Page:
Health & Medicine

Uncommonwealth: Medical remedies from the 19th and early 20th centuries part of UK exhibit

Megan Mummey, University of Kentucky collections management archivist, checked in on an exhibit at the UK Special  Collections Library that looks at superstitions and legends related to Kentucky medical care before modern medicine
Megan Mummey, University of Kentucky collections management archivist, checked in on an exhibit at the UK Special Collections Library that looks at superstitions and legends related to Kentucky medical care before modern medicine Lexington Herald-Leader

The glory days of folk medicine in Kentucky — in the 19th and early 20th centuries — yielded some truly fancy and fanciful cures.

Groundhog grease for burns, for example, was considered a fine idea, as was cutting a double slit in the skin and packing it with horse hair, which would surely rid you of rheumatism. Bitter apple was another "cure" for rheumatism, a nonspecific term for arthritislike pain.

Sufferers of thrush, a yeast infection, were advised to take a shoe from "a total stranger. ... Put water therein, run it back and forth, then wash patient's gums with it."

Once you chugged shoe water, apparently, thrush would be the least of your problems.

The 19th century yielded a raft of cures for ailments routine and specialized, according to Notions and Potions, an exhibit at the University of Kentucky's special collections library. The remedies were cobbled together from the working papers of area residents and farmers.

Some cures still hold some credibility: The plant boneset, suggested for pneumonia, is still marketed as an herbal remedy to ease influenza.

The archivists who put together the exhibition assembled a collection of Kentucky Kernel articles about the 1919 Spanish flu epidemic. Female students were sent home, while the male students struggled to stay healthy.

For a cholera epidemic in the 1830s, the Louisville Daily Herald earnestly advised its readers to "Employ no stimulants — no red pepper, no laudanum or burnt brandy — to check it, but to immediately take 15 or 20 grains of calomel and go to bed. There remain till the proper action of your bowels is restored."

Calomel was mercury chloride, widely used in the 18th and 19th centuries as a purgative or cathartic. Sometimes it did more than clean out the insides; it also made hair and teeth fall out.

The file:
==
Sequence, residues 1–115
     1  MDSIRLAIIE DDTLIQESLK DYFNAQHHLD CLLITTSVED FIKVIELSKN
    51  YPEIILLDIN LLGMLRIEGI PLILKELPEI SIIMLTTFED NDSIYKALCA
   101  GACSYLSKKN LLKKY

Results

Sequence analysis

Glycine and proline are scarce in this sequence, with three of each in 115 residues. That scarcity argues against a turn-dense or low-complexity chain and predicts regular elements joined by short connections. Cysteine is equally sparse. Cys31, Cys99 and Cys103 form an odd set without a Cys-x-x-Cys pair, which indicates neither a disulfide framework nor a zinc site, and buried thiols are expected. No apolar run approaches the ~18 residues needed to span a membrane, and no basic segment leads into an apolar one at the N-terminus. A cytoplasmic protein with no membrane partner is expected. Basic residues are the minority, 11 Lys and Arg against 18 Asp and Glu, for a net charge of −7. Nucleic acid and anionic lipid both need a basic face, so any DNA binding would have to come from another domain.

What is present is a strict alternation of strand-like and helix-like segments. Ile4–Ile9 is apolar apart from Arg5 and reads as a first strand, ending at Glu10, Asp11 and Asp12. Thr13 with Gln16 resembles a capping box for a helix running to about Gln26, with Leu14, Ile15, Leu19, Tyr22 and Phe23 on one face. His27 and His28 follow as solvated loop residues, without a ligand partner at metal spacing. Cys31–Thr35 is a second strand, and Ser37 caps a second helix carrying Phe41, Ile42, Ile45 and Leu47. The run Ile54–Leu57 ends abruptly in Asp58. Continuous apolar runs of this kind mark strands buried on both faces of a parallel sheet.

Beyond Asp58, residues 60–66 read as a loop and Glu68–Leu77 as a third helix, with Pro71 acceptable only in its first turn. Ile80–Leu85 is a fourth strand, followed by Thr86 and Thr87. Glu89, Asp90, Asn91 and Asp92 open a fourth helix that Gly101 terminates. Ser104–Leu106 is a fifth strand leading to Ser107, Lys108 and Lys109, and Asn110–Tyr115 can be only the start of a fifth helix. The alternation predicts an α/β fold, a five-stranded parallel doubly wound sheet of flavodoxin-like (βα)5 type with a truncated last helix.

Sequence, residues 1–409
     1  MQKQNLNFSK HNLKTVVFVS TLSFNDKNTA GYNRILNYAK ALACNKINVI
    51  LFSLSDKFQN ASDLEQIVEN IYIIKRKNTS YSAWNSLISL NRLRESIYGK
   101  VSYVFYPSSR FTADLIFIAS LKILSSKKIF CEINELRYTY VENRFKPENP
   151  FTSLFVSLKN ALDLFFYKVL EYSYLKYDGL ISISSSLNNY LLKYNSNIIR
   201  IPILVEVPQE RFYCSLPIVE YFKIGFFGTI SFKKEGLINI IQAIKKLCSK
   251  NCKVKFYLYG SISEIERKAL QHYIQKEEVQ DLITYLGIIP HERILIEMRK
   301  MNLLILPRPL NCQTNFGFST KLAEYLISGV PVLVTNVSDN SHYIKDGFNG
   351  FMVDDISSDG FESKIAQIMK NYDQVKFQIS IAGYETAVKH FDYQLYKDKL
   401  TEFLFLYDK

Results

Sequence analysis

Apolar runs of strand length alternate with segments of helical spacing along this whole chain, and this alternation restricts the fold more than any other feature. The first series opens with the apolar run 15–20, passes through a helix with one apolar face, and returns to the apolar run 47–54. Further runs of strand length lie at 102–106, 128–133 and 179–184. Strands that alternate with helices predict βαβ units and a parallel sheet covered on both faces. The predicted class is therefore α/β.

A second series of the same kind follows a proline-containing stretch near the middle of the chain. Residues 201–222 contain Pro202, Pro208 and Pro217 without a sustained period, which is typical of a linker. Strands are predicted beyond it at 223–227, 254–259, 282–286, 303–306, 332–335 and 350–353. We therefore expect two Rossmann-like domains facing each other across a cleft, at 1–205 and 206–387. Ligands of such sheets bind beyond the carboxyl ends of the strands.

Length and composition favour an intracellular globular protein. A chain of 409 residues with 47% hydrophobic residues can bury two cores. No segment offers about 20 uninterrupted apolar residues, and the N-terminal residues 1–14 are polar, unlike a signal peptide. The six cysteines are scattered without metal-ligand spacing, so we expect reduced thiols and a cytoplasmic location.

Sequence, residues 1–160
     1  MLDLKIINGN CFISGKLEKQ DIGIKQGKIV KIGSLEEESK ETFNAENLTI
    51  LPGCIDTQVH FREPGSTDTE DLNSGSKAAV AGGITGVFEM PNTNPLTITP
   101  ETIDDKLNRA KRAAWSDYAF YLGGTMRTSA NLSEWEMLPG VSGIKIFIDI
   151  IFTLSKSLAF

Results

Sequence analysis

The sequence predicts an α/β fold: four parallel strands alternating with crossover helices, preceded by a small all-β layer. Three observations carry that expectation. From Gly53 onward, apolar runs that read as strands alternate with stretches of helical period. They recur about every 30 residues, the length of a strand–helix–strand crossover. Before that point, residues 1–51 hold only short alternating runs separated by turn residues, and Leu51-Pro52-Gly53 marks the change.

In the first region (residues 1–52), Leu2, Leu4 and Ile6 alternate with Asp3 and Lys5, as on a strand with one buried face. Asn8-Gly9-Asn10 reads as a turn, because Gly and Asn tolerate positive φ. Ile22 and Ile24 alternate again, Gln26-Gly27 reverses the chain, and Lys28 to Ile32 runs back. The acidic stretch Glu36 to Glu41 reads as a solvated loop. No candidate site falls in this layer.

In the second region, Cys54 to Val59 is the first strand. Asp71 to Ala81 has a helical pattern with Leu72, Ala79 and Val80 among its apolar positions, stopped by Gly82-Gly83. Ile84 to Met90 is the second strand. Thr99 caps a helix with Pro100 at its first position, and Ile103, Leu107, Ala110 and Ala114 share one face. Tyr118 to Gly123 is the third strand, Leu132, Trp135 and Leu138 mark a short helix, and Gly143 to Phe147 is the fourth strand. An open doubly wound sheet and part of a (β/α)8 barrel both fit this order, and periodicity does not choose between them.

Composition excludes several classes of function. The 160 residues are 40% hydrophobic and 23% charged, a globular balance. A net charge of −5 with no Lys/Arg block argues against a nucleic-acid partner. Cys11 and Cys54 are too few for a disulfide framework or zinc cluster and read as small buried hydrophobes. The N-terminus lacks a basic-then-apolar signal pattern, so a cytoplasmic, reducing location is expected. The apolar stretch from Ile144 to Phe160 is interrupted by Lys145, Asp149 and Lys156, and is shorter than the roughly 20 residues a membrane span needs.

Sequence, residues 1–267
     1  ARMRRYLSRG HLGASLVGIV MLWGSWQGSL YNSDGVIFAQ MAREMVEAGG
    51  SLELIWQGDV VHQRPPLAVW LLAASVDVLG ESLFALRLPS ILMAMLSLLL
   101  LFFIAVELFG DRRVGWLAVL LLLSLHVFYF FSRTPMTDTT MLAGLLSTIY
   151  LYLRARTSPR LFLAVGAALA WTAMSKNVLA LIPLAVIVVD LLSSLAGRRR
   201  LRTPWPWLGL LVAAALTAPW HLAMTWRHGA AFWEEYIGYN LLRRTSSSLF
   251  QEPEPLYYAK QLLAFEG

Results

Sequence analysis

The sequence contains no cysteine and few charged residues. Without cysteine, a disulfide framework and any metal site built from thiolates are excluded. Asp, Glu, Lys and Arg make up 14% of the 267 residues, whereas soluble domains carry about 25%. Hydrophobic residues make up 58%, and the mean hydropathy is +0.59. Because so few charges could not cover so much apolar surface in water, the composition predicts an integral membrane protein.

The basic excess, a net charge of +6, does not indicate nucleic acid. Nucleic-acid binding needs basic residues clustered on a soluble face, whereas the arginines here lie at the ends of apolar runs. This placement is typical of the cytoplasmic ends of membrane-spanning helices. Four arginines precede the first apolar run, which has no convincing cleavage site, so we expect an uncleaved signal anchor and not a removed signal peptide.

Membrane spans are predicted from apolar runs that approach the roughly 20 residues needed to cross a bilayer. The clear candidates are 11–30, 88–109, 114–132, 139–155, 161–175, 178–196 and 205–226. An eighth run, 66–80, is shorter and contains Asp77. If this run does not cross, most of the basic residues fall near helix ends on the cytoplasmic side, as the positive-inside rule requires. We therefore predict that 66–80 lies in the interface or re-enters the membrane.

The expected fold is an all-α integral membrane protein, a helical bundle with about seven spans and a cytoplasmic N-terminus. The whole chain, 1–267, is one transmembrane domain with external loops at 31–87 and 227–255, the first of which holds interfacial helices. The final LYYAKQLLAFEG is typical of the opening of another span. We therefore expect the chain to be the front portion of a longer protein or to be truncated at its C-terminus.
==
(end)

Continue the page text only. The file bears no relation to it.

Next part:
In 1833, Harriet Kerfoot wrote from Georgetown to her friend Ellen Letcher about the news from Lexington's cholera epidemic: "Its ravages are confined to no class or sex, the young, the old, the gay, the infirm, the robust, the bacchanalian as well as the rotary of temperance, the impious alike the pious Christian fall victims to this scourge of nations. ... There are 60 or 70 dying per day."

William "King" Solomon, who had been sold into indentured servitude to a freed slave, did not flee Lexington during the epidemic, staying to bury the dead. He was credited with helping hasten the epidemic's end. In 1908, money was raised to give Solomon a memorial tombstone for his grave.

Mammoth Cave was considered a haven for those suffering from what was then known as consumption and is now known as tuberculosis. In 1839, Dr. John Croghan bought the cave and installed 16 consumptives there in the belief the air would revive them.

After several died, their bodies were laid out on what was dubbed "Corpse Rock"; a drawing of the era showed the dead being borne across the river Styx to the afterlife.

Archivist Megan Mummey's favorite part of the exhibit is the Kentucky man convinced that flannel was the cause of consumption. Other ideas about the causes of consumption included poor diet, vigorous exercise, lack of exercise, hereditary predisposition, the blowing of trumpets and tightly laced corsets.

Although consumption was to be feared, it was also something of a fashion statement. The exhibit records women deliberating making themselves pale to mimic the "romantic" consumptive look of the "white plague."

Lexington still has a law on the books that was passed during tuberculosis epidemics — this one a late 19th-century mandate — against public spitting.

Spitters were discouraged from expectorating on the streets or using spittoons, and encouraged to carry a supply of clean cloths in which to discharge their effluent.

Visitors to the exhibit are asked to share their own "folk cures" on a dry-erase board. It's unclear whether visitors believe that baking soda and water is still the best treatment for stings, as recorded on the board, or if going outside with wet hair causes colds.

For sure, the person who suggests that chewing garlic cloves wards off a cold you feel coming on is certain of it: "I do this and it works," writes the unnamed individual.


Notions and Potions: Folklore and Superstition in Medicine and Infectious Disease

Where: Main lobby of the University of Kentucky Special Collections Library in Margaret I. King Building at UK

When: Nov. 30. Hours: 9 a.m.-5 p.m. Mon.-Fri.

Admission: Free

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